• Cataracts: Cataracts are milky clouding of the lens that causes vision deficits. The cloudy area affects certain portions of the entire eye, dictating the extent of the eyesight. 
  • Glaucoma: Glaucoma is an eye condition caused by increased intraocular pressure or IOP. The issue progresses rapidly and culminates in severe pain and blindness. 
  • Uveitis: Uveitis is inflammation of the frontal portion of the eye. Infection, cancer, and autoimmune conditions are frequent causes of uveitis. 
  • Progressive Retinal Atrophy: Progressive retinal atrophy (PRA) is a genetic disease of the retina affecting the cells in the back of the eye responsible for registering light. 
  • Sudden Acquired Retinal Degeneration Syndrome: SARDS (sudden acquired retinal degeneration syndrome) is a fast-developing PRA type causing blindness within hours. 
  • Retinal Detachment: Retinal detachment occurs when the retina separates from the rest of the eye structures and occurs spontaneously in certain breeds, like the Shih Tzu. 
  • Corneal Ulcers: Corneal ulcers are deep defects in the cornea. Untreated eye infections are a common cause of corneal ulcers in dogs. 
  • Eye Injuries: Eye injuries periodically culminate in blindness. Dogs injure themselves during rough play or when having zoomies.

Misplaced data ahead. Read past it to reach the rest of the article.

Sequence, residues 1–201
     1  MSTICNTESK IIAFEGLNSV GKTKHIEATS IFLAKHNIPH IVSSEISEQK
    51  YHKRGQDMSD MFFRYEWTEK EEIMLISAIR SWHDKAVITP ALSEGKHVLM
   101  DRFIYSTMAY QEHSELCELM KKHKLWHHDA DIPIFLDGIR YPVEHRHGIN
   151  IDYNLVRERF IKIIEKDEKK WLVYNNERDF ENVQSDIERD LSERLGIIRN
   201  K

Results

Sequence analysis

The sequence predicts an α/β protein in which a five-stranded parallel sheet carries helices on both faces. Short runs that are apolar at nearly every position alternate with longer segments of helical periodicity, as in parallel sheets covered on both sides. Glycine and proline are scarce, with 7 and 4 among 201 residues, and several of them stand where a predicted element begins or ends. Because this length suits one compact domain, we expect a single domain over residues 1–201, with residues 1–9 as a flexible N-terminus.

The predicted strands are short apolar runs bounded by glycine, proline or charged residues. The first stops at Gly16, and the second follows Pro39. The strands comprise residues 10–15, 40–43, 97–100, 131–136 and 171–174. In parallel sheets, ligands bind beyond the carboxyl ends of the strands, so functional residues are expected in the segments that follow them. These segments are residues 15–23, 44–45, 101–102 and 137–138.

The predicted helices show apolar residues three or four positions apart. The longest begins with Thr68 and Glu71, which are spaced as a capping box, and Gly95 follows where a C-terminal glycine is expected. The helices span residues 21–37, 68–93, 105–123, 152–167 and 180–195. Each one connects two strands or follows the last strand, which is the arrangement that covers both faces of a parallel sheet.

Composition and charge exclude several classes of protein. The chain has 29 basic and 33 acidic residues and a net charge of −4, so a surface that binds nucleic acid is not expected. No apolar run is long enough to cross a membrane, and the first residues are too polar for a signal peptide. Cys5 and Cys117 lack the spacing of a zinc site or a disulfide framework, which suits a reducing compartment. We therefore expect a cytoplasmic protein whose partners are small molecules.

• Tumors: Tumors cause signs of dog blindness when developing in or near the eye. Benign and malignant tumors pressure the optic nerve, resulting in vision deficits. 
  • Neurologic Disease: Problems affecting the optic nerve cause neurological blindness. Brain problems, like stroke, infections, and tumors, cause vision impairment, too. 
  • Autoimmune Conditions: Blindness-causing autoimmune conditions are rare. The two more common eye problems are pannus and uveodermatologic syndrome. 
  • Diabetes: Blinding cataract occurs in 75% of diabetic dogs, according to a study, “Effect of Oral Alpha Lipoic Acid in Preventing the Genesis of Canine Diabetic Cataract: A Preliminary Study,” published in Veterinary Sciences in 2017. 

Can Sudden Dog Blindness Affect a Dog's Behavior?

Yes, sudden dog blindness can affect a dog’s behavior. Behavioral changes are an early sign of blindness but are not always attributed to vision loss. 

Dogs experiencing sudden vision loss act out of the ordinary. The dog behaves clumsily, is reluctant to move around or go out, sleeps more than usual, and is abnormally vocal. Some dogs become clingy, and others become distant out of fear and confusion.